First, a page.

Maybe your dog just ate a rogue piece of raw chicken that slid off the cutting board or counter. Or, perhaps you are thinking of trying the growing trend of feeding your pup a raw-food diet and want to try chicken.
We know that it’s dangerous for humans to consume raw chicken because of all the bacteria inhabiting the uncooked meat – but is it unsafe for dogs, or can dogs eat raw chicken? While raw chicken isn’t explicitly on the list of what dogs can’t eat, the quick answer is, unfortunately, maybe. Healthy adult dogs have pretty strong stomachs, but in some situations can develop a food-borne illness from eating raw chicken.
Find out more about when it could affect your pup, why, and what types of symptoms and behavior to watch for to make sure your furry friend stays in the best health.
Is Raw Chicken Dangerous to Feed Dogs?
In the wild, wolves, coyotes, foxes, and many other animals eat raw birds as part of their regular diet. If raw bird meat was dangerous, these species would’ve been affected, or have died off, a long time ago. On the other hand, humans don’t fare quite as well. Many people get sick just from eating chicken that hasn’t been cooked well enough. You can probably imagine how bad things would get if people were eating completely raw chicken.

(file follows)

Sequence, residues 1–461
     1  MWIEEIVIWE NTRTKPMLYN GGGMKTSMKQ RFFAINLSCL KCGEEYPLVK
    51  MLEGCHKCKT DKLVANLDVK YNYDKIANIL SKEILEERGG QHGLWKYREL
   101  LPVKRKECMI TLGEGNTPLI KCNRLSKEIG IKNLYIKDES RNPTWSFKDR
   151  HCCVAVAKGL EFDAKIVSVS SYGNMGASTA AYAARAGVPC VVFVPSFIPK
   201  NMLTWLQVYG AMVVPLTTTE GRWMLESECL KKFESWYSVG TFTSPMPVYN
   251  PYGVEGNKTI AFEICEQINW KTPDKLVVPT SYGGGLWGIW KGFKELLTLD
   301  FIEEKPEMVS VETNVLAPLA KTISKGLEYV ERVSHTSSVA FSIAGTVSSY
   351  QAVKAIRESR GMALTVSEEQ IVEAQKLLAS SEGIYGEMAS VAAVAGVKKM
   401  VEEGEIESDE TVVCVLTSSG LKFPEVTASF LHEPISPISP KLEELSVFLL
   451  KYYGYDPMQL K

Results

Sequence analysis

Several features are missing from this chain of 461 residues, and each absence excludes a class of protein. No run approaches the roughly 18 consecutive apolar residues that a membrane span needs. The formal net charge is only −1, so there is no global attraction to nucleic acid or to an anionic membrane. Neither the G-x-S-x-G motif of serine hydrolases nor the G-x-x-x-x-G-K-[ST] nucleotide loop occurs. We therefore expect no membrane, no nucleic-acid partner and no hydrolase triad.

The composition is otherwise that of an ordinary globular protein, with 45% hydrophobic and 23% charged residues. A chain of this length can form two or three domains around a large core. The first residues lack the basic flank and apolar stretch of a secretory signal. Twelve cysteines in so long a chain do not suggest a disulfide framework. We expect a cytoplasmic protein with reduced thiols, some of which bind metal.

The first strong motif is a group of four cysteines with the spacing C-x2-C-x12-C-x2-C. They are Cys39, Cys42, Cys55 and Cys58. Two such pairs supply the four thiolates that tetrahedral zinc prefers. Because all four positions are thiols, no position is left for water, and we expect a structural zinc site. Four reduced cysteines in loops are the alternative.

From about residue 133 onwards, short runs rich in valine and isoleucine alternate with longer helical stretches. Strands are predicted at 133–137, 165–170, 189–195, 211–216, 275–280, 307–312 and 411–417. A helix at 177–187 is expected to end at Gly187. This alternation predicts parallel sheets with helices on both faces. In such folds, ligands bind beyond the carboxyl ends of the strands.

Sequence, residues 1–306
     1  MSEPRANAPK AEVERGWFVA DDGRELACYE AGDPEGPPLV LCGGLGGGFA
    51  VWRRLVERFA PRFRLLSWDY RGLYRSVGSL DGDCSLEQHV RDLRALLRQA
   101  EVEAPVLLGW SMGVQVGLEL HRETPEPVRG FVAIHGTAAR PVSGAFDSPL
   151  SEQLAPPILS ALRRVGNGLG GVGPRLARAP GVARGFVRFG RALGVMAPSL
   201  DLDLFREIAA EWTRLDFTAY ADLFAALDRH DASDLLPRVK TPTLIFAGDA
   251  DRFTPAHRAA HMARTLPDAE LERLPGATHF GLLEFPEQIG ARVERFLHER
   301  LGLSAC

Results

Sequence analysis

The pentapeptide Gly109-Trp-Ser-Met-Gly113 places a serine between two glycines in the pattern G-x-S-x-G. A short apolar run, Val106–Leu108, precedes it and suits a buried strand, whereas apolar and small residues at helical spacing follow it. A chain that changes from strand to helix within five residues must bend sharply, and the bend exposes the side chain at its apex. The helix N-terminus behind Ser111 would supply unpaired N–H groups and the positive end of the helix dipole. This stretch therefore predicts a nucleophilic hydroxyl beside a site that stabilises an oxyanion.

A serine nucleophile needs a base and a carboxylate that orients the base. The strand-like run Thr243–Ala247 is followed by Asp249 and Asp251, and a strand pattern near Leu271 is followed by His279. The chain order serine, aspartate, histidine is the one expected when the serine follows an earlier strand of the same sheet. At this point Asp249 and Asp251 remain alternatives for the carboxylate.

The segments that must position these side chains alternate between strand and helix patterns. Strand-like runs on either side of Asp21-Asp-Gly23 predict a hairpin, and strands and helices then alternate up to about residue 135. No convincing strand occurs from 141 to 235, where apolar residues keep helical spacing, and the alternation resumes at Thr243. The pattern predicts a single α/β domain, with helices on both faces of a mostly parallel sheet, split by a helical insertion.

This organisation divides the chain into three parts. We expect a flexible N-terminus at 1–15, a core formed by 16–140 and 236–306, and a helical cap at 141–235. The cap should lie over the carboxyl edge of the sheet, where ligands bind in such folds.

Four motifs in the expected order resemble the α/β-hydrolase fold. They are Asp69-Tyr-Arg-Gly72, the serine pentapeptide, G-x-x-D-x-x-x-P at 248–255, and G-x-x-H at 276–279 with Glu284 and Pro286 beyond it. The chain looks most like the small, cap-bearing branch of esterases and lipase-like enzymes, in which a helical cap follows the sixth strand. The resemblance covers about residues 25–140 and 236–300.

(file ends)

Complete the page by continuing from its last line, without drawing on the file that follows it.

Although science doesn’t have a complete picture of why many dogs eat raw chicken and don’t get ill, some theories do exist. For one thing, dogs have a much shorter intestinal tract than humans, so even if they do eat a bacteria-laden raw drumstick, it passes through their system fast enough that the bacteria don’t have time to multiply to the point that they can cause illness.
Some also feel that the higher acidity level of a dog’s stomach juices plays a role by creating a less hospitable environment for harmful bacteria. Additionally, just like we have all kinds of beneficial bacteria in our gut, dogs may have other types of bacteria in their intestines that offer additional protection by outnumbering the bad bacteria and neutralizing any illness-causing effects.
However, raw chicken actually does cause some dogs to get ill, so it pays to be extra careful. If your dog is older, sick, or a young pup, it may have trouble fighting off pathogenic bacteria. If you choose to feed raw chicken, keep an eye on your pet and contact your veterinarian if you see any symptoms of illness (more on this below).
One more thing to consider is that, just because your dog ate raw chicken and shows no symptoms, it doesn’t mean all is fine. According to the American Veterinary Medical Association (AVMA), pets might not show any symptoms of being sick but could pass foodborne bacteria and illnesses on to their human owners.
Raw Food Diets are the Latest Pet Trend
Over the past decade or so, feeding your pets a raw diet has become an increasingly popular practice. Not all new pet diet trends are bad, but the AVMA and the Center for Disease Control (CDC) advise that in this case, you could be putting yourself and your family in danger. Using proper food-handling methods when preparing raw meat for your family isn’t typically an issue, but handling raw meat every single day for your dog can lead to less-than-perfect food-handling protocols and foodborne illness.